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Staunch Republican uncles may not recognize party

I come from a Republican family.

Not my parents, heaven knows. They were largely apolitical throughout my youth.

In the case of my father, who was in the menswear business, there were two standing jokes: 1) That Harry Truman was occupational kin because he'd once done time in a haberdashery selling suits and ties to fellow citizens, and 2) that my father was always on the side of winners, no matter who they were. He "liked Ike" for the same reason that most of America loved Eisenhower in the 1950s – his crucial wartime leadership, his heroic middle-of-the-middle image.

One of my father's prized possessions was a framed photograph someone took of my father standing in notable proximity to the Republican New York State Gov. Thomas E. Dewey (who, said Alice Roosevelt Longworth memorably, looked like the man on top of the wedding cake).

I'm not completely sure, but when I wore a Kennedy/Johnson button on my lapel to school in 1960, I may have been the first in my immediate family to defile my clothing with the name of a Democrat. And even then, the very idea of Jack Kennedy was so foreign to the small private school I attended that there were only two other guys (out of a class of 48) who wore Kennedy buttons. And we usually wore them inside our lapels, flashing them to each other in covert solidarity, as if we were cult members – or worse.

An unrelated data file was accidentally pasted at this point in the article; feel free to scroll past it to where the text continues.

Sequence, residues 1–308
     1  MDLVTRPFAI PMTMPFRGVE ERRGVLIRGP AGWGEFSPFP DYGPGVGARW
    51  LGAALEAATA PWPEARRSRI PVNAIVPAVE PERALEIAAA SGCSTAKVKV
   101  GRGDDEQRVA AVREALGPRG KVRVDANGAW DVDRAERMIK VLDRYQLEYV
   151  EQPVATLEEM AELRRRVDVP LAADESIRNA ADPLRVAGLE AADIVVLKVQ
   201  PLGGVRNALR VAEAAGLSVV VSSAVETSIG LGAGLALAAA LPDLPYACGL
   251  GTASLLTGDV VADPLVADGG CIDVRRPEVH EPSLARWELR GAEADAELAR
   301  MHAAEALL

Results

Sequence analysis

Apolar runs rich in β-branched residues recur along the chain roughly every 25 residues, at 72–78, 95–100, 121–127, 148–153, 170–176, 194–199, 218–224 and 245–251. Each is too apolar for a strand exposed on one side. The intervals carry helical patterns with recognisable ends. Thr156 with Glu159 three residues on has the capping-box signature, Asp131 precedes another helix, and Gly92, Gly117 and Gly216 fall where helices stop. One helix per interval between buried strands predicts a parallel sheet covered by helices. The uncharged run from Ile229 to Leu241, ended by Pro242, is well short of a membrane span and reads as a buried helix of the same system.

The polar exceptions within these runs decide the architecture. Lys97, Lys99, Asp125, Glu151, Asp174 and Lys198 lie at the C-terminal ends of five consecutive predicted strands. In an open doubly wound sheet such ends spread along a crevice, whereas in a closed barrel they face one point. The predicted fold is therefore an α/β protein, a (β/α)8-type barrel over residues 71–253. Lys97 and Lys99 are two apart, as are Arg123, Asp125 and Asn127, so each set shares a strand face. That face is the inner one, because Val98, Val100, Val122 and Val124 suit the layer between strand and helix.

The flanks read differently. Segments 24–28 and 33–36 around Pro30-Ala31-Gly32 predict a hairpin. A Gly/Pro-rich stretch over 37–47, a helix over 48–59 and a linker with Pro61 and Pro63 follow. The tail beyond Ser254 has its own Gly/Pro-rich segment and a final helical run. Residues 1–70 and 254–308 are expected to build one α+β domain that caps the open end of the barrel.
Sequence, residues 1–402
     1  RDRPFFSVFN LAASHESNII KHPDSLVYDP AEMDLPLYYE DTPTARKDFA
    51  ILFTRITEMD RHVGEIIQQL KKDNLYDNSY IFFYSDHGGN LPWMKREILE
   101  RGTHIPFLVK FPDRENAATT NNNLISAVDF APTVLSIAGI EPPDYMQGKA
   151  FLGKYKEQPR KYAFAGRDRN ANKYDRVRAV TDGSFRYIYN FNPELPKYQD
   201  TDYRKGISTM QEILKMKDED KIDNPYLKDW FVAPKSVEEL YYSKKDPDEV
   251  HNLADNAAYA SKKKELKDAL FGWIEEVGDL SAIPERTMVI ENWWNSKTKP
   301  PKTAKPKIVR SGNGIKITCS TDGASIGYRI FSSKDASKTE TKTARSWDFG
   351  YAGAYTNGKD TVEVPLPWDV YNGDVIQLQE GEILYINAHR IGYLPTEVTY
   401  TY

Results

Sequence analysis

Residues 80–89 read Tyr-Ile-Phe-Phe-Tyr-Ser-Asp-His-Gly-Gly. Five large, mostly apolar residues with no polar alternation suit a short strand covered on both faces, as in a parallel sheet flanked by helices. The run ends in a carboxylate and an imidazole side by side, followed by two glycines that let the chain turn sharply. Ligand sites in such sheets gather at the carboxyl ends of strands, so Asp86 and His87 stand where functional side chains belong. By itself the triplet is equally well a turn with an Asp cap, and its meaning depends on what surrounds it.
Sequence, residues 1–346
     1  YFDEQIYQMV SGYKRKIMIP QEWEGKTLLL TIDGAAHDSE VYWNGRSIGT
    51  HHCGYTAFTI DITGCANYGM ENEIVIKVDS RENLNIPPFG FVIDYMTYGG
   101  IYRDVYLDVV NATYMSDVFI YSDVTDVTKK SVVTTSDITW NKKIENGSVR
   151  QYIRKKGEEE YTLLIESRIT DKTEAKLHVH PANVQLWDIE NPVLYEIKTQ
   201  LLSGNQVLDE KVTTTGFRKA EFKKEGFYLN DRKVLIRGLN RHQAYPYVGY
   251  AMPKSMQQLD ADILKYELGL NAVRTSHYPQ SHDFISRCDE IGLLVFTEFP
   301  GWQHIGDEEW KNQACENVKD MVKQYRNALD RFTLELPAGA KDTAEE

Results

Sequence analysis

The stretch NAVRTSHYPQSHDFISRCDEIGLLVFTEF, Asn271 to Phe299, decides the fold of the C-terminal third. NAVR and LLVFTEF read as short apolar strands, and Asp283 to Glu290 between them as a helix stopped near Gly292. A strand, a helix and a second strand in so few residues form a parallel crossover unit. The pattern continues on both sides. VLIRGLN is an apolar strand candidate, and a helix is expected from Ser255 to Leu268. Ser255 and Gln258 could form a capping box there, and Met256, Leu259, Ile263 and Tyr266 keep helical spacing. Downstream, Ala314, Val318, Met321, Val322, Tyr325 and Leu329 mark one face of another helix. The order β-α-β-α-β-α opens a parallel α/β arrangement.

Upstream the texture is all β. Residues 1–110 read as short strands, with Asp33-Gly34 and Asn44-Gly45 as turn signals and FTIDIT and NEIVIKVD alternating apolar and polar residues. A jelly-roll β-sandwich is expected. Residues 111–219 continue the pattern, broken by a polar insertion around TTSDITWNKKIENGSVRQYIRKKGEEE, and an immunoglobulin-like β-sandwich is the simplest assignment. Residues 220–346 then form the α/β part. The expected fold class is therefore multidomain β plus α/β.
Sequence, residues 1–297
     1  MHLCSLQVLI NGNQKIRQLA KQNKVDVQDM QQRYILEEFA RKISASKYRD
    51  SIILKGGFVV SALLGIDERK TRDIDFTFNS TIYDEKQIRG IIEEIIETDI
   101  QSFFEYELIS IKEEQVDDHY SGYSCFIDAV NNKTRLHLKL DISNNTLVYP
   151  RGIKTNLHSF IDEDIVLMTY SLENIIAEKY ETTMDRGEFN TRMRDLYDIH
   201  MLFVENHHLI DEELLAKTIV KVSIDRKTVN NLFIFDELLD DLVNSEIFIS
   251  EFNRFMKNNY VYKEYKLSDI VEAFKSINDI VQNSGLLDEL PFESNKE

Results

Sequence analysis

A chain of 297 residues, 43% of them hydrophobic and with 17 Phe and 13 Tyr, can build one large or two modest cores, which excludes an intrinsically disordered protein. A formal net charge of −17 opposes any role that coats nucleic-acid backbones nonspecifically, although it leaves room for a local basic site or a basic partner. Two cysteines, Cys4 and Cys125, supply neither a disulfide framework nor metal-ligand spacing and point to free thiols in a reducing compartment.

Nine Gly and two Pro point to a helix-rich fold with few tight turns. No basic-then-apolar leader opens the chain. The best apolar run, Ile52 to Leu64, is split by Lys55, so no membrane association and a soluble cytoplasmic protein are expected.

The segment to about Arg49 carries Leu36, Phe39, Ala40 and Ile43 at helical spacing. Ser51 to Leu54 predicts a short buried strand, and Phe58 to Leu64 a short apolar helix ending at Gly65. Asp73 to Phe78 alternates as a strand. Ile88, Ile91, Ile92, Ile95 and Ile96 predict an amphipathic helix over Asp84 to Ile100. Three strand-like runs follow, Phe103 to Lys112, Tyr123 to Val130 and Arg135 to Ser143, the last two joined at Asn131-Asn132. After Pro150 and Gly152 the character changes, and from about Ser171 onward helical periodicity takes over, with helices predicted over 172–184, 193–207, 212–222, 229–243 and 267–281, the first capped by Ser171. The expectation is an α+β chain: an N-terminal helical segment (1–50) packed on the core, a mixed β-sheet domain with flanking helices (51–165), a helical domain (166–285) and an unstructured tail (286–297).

The real Republicans were my two uncles – both lawyers and both civil servants (in one case, lifelong).

In the case of my uncle in the city Law Department, he was reasonably active in the party. He knew the county and state big shots. He was pleased – more or less – when Lockport's Bill Miller was selected as Barry Goldwater's running mate to drive Lyndon Johnson crazy. Certainly that pleased him more than conservative Goldwater at the top of the ticket.

"Rockefeller Republican" was, I suppose, the name that might define the credos of both my uncles – moderate-to-liberal Republicans in complete contra-distinction to Goldwater, who famously said "extremism in the defense of liberty is no vice! And … moderation in the pursuit of justice is no virtue!"

I've been thinking a lot about my uncles since the Republican Party was, by many lights, kidnapped by extremists some time ago. I can't tell you how much I've longed to hear what they'd have said about the ways Republicans have been widely perceived throughout our culture since the Clinton impeachment.

They were '40s and '50s moderates through and through, with formative memories of the Depression and, therefore, anomalously fond feelings for Franklin Delano Roosevelt, the all-popular economic savior and warrior against the Axis powers.

If either one of them had been in that country club when Mitt Romney announced his unconcern for the voters of the 47 percent of America he'd written off, they wouldn't have been there because they were country club members. They'd have been there by political invitation, as visitors. In other words, as total strangers to the lifestyle who were condescendingly allowed through the door for utilitarian purposes – getting a temporary upgrade of the sort allowed servant classes when they might prove to be useful.